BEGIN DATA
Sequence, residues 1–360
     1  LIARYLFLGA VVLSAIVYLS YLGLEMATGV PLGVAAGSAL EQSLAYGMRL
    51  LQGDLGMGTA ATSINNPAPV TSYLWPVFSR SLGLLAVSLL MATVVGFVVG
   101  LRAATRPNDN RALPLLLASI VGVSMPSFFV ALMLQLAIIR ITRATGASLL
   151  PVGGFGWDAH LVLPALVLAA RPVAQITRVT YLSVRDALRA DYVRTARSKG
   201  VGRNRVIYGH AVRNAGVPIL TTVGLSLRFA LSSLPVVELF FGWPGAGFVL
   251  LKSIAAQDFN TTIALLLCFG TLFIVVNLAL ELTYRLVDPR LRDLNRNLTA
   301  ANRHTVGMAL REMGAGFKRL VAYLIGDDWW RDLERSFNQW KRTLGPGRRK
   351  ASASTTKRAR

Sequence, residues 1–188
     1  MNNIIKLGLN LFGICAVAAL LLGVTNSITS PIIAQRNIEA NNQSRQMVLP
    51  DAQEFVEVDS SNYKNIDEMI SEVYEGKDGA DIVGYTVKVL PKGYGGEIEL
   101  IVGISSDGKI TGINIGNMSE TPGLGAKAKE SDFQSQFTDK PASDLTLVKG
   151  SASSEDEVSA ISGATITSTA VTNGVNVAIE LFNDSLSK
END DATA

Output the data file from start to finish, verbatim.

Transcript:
Sequence, residues 1–360
     1  LIARYLFLGA VVLSAIVYLS YLGLEMATGV PLGVAAGSAL EQSLAYGMRL
    51  LQGDLGMGTA ATSINNPAPV TSYLWPVFSR SLGLLAVSLL MATVVGFVVG
   101  LRAATRPNDN RALPLLLASI VGVSMPSFFV ALMLQLAIIR ITRATGASLL
   151  PVGGFGWDAH LVLPALVLAA RPVAQITRVT YLSVRDALRA DYVRTARSKG
   201  VGRNRVIYGH AVRNAGVPIL TTVGLSLRFA LSSLPVVELF FGWPGAGFVL
   251  LKSIAAQDFN TTIALLLCFG TLFIVVNLAL ELTYRLVDPR LRDLNRNLTA
   301  ANRHTVGMAL REMGAGFKRL VAYLIGDDWW RDLERSFNQW KRTLGPGRRK
   351  ASASTTKRAR

Sequence, residues 1–188
     1  MNNIIKLGLN LFGICAVAAL LLGVTNSITS PIIAQRNIEA NNQSRQMVLP
    51  DAQEFVEVDS SNYKNIDEMI SEVYEGKDGA DIVGYTVKVL PKGYGGEIEL
   101  IVGISSDGKI TGINIGNMSE TPGLGAKAKE SDFQSQFTDK PASDLTLVKG
   151  SASSEDEVSA ISGATITSTA VTNGVNVAIE LFNDSLSK